Copycat websites on the rise
The Advertising Standards Authority said it had received 700 complaints about 25 websites in the past year. The majority of these are “copycat websites” that charge for services that are actually available free, such as updating a driving licence or submitting a completed tax return.
Part-time nurse Vanessa Andreae thought she was taking the easy option when she decided to file her tax return using what she believed was an official website.
She was charged £400 to file her return by the taxreturngateway.com website. Only later did she realise she could have filed her tax return free through the official HM Revenue & Customs website.
Many of these sites indemnify themselves by including in small print that they are not affiliated with HMRC or any government agency, but this is often well hidden at the bottom of the page.
In a statement taxreturngateway.com said: “We do not accept the suggestion that we are a copycat website. We are a bespoke tax return checking and fulfilment agency.
“We have always made it absolutely clear on the homepage of our website that we are not associated with HMRC, Department for Work and Pensions or any other government body, and that we will levy a charge for the service we provide.”
Legal, but with a lack of transparency
These websites are perfectly legal and many do make it quite clear that they are providing a service that the user will have to pay for. Some of the sites look very similar to official ones and some people might not read through the disclaimers or the terms and conditions.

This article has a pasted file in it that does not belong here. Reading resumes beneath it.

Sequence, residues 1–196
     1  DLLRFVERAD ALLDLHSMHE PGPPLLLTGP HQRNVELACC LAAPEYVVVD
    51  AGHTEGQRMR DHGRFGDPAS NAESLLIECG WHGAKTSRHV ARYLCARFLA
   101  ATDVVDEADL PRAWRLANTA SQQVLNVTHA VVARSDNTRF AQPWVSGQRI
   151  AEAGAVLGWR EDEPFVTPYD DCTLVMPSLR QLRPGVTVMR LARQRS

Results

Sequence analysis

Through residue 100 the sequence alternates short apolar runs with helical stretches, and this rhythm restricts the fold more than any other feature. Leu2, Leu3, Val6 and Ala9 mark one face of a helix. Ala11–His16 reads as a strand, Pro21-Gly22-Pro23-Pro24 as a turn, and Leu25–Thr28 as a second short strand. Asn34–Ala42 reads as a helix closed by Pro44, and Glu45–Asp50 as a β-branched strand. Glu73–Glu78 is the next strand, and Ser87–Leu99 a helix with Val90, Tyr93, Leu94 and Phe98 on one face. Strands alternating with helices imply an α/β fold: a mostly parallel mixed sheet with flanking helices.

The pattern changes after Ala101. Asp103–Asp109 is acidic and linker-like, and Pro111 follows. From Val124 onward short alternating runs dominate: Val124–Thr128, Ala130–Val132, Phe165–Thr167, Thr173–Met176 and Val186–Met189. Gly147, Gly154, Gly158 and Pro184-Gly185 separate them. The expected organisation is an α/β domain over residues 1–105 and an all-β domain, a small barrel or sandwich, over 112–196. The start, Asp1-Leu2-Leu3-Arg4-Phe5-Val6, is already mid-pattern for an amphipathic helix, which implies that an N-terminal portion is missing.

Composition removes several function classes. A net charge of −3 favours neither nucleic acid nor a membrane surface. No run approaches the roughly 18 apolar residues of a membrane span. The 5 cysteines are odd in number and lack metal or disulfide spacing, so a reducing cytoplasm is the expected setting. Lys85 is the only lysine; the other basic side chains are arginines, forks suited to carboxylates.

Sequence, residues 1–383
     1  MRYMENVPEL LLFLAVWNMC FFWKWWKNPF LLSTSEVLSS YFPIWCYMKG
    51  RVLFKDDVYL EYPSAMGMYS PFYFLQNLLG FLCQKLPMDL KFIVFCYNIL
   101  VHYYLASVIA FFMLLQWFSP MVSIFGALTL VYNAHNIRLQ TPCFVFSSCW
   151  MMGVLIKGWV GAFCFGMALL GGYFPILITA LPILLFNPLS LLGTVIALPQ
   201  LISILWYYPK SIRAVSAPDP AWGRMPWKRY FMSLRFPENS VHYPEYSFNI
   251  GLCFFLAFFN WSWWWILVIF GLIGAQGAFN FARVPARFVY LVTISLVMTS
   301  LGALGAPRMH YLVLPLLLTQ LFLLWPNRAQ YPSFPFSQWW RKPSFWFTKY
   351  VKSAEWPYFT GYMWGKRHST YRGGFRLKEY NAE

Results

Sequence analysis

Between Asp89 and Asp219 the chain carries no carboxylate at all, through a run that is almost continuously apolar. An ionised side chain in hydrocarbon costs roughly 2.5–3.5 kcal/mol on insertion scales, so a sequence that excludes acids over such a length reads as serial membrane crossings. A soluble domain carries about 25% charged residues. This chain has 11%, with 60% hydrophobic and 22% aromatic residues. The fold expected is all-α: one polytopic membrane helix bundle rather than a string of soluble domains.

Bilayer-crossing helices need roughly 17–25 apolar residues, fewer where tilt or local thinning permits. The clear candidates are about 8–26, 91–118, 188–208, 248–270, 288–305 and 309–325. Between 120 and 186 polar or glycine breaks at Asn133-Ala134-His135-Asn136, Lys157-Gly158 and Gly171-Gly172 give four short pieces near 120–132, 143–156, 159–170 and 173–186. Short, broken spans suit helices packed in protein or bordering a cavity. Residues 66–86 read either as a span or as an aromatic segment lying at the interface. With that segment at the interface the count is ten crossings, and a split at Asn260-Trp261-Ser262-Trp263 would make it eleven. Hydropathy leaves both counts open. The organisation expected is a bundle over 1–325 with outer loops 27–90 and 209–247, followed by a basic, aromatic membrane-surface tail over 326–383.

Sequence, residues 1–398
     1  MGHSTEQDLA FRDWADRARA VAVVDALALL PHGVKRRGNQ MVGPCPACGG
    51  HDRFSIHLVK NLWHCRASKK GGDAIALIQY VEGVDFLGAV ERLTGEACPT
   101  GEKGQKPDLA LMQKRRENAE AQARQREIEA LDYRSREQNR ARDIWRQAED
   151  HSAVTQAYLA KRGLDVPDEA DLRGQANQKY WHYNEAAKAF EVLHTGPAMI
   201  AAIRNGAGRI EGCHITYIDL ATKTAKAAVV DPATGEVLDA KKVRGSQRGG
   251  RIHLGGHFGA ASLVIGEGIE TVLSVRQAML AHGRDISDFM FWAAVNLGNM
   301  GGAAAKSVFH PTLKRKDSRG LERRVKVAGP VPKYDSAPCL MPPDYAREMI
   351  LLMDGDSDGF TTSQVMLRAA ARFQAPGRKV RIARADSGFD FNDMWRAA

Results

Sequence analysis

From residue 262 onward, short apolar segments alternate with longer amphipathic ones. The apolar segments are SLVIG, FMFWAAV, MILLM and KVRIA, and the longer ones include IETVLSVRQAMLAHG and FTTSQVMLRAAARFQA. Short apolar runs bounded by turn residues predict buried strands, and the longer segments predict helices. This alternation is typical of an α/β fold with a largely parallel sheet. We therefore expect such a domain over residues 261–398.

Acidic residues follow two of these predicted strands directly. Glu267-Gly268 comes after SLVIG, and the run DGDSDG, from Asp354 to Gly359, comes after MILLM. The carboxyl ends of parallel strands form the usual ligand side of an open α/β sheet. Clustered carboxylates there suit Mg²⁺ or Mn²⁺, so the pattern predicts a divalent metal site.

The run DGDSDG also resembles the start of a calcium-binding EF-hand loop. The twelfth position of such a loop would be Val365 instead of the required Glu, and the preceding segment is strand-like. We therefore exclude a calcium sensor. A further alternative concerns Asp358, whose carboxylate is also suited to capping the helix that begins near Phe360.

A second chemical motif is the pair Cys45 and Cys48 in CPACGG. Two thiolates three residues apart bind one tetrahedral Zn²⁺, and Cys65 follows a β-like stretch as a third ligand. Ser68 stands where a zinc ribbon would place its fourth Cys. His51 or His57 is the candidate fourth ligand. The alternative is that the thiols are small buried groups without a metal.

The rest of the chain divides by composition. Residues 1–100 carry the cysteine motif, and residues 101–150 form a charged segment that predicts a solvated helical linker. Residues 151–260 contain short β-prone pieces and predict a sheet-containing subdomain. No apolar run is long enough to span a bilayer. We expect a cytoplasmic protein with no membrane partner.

Many of these websites are paying for sponsorship on search engines such as Google and therefore appear at the top of an online search.
The Advertising Standards Authority said it had received around 700 complaints in the past 12 months about transparency and pricing.
“Complaints that we are receiving are about people being misled as to the nature of the service being offered, a feeling that they might be official services when actually they are not,” said the ASA director of advertising policy and practice, Shahriar Coupal.
“Perhaps a little bit more worrying are concerns about the pricing or the transparency of the pricing – people feeling that they are left out of pocket for a service they would not have entered into had they known that it wasn’t official.”
Google said in a statement: “We have a strict set of policies which govern what types of ads appear on Google. If we learn an advertiser is breaching these policies, we move swiftly to take action.”
Recently, Google modified its AdWords system to stop the words “NHS Direct” being sold to the copycatters. There is now a feeling that it and the other search engines should apply the same approach to all government services: the official website should appear first, rather than a commercial site charging an inflated fee under the guise of offering a “checking” service.